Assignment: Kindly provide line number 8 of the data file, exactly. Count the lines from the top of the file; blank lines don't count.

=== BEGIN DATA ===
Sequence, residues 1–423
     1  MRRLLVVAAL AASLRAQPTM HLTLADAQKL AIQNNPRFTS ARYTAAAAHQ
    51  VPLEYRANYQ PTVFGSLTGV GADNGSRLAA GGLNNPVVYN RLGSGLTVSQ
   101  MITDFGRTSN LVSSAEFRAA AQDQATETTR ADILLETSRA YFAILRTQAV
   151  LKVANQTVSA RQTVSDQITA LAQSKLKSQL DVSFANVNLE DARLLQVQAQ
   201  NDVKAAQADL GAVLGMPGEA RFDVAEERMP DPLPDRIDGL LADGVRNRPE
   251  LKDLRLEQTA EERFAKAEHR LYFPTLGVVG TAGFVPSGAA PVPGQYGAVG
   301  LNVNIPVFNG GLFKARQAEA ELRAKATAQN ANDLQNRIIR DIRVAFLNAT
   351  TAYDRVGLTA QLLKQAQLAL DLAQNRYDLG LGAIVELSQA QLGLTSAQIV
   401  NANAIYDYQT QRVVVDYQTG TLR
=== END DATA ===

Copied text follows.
   301  LNVNIPVFNG GLFKARQAEA ELRAKATAQN ANDLQNRIIR DIRVAFLNAT